Speaking of fuel, there has been a lot of talk about the continuing low oil prices. We have reacted to this at Virgin Atlantic providing our customers with the most competitive price possible to go along with the best service and experience we always strive for.
Although we buy our fuel months and often years in advance, and so the recent oil price falls have not had an immediate impact on costs, we have decided to lower our fuel charge by £20 per return journey for customers. Overall, our prices have reduced by £70 per trip per person since fuel prices began to fall in 2014.
The oil price has collapsed, not because of a global recession, but because there is more supply than demand. I believe we are looking at a world with relatively low fuel prices for some time to come. This will be beneficial not just for airlines, but also for consumers, who will find the cost of petrol, gas and food should remain low.
We must not be complacent though and while the fuel price is low, it is even more important for companies to invest in the future by funding the development of alternative fuels. This will create an even bigger surplus of supply, prolonging the era of cheap fuel and most importantly helping us meet the targets set out at COP21 in Paris last year.
There has also been lots of debate in Davos about the impact of the recent slowdown in China on the global economy. I see this as a correction with the fundamentals still there for growth in countries like America and Britain. Indeed America and Europe are not that dependent on Chinese consumption. I believe the slowdown China is experiencing won’t have a huge effect on the whole world. There will continue to be competitive markets, with those companies who adapt and innovate winning out and other less smart businesses struggling. This has always been the case. It is very easy to be overly negative about the current state of the world and to see dangers around every corner.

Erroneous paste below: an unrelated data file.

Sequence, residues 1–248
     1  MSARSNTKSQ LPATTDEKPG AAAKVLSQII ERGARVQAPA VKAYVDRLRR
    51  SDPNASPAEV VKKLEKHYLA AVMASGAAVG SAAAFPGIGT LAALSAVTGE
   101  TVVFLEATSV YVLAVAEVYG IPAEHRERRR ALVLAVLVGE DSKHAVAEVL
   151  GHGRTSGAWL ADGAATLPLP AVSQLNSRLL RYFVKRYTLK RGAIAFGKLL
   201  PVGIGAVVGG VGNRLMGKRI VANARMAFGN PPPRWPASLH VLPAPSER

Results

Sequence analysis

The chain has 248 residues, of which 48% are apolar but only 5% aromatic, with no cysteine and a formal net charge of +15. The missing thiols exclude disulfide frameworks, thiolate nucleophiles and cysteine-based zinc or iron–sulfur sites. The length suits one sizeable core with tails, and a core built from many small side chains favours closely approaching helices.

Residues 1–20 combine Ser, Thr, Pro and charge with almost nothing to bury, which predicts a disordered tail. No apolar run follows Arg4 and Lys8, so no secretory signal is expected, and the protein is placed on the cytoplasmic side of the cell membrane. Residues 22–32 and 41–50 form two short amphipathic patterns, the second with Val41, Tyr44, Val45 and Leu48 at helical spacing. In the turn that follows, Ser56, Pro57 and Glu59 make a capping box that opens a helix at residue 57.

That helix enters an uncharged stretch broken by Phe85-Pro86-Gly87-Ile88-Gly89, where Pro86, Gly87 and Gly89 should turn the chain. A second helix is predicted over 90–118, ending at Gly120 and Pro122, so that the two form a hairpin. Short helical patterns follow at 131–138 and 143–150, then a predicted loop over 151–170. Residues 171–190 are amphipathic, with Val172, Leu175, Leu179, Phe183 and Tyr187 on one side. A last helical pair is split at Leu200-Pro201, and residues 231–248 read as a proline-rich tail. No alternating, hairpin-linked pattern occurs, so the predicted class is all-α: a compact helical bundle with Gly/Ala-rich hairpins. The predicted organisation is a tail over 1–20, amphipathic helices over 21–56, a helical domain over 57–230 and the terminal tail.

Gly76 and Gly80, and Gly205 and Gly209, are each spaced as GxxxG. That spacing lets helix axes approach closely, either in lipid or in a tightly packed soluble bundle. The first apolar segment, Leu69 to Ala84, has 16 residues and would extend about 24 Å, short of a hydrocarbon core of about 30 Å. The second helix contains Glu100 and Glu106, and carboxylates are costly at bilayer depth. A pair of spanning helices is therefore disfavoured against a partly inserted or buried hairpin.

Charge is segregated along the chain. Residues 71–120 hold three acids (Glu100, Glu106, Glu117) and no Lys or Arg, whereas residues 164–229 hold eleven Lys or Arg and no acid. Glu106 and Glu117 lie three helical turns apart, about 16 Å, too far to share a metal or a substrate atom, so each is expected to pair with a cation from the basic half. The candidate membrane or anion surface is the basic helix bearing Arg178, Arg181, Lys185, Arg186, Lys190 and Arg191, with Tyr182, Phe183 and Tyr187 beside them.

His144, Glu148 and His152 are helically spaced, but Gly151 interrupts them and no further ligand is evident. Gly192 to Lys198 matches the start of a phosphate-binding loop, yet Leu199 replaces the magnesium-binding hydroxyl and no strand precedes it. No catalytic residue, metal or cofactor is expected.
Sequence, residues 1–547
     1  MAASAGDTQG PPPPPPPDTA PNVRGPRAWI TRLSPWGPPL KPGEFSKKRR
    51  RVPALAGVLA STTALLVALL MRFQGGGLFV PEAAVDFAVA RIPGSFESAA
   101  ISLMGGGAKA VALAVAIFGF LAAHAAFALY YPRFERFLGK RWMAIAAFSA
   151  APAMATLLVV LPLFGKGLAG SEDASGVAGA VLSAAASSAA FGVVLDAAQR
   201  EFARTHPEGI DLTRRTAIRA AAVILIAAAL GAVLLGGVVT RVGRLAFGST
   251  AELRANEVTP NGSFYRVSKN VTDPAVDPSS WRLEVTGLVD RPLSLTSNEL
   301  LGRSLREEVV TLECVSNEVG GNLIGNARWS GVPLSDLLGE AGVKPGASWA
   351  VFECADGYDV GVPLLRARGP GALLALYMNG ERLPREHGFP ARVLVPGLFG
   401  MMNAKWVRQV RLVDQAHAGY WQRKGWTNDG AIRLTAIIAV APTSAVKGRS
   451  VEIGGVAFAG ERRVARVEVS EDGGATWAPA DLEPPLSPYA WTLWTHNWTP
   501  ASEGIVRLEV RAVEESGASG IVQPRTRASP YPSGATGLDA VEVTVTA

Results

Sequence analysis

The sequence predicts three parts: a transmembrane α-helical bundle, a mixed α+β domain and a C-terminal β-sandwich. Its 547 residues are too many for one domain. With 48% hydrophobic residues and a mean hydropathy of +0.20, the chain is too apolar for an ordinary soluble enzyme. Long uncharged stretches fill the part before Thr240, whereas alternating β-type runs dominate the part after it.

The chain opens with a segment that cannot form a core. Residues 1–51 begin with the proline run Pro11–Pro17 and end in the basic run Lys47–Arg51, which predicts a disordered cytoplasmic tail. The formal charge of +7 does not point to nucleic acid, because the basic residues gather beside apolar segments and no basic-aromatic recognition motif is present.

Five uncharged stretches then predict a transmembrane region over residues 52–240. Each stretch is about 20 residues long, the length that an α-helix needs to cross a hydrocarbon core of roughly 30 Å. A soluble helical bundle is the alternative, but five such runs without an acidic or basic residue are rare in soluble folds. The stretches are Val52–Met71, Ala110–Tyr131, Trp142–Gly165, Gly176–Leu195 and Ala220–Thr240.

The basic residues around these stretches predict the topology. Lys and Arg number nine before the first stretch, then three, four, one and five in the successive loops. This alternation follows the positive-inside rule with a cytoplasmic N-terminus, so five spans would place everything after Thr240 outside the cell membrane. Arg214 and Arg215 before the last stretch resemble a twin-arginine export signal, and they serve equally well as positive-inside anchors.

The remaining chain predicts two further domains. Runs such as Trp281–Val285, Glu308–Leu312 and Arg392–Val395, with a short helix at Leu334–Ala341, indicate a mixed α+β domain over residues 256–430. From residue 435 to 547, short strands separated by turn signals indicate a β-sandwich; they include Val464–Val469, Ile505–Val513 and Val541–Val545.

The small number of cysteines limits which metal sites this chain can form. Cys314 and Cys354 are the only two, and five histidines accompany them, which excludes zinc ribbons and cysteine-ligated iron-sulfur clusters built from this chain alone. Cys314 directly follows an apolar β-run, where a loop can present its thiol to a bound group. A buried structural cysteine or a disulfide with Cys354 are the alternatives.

As well as thinking about the economy, I’m really enjoying discussing everything from the war on drugs to sustainability. Nowhere was this better illustrated than in a fascinating hour with Vice President Joe Biden, where he shared his concerns over creating a stable Middle East, the need to create more jobs in America, invest in the fuels of future and ensure the next generation have real opportunities to create a better world. As we left, he smiled and said: “There is a lot to do, but in my business, you need to be an optimist.”
With the Vice President’s words ringing me in ears, I am eager to spread the message of business as a force for good and that we can create real change. Indeed it was great to see the Global Commission on Business and Sustainable Development launch in Davos. Created by B Team member and Unilever CEO Paul Polman and former UN Deputy SG Mark Malloch Brown, the Commission has been created to show why it makes sense for business to engage on sustainable development at a far more strategic level than it has to date. Leaders are beginning to realise that new business models can align profitability with social purpose, and this will become the norm in the years to come.
I look forward to revisiting Davos when alternative fuels and sustainable businesses are at the top of the agenda, and at the forefront of the global economy.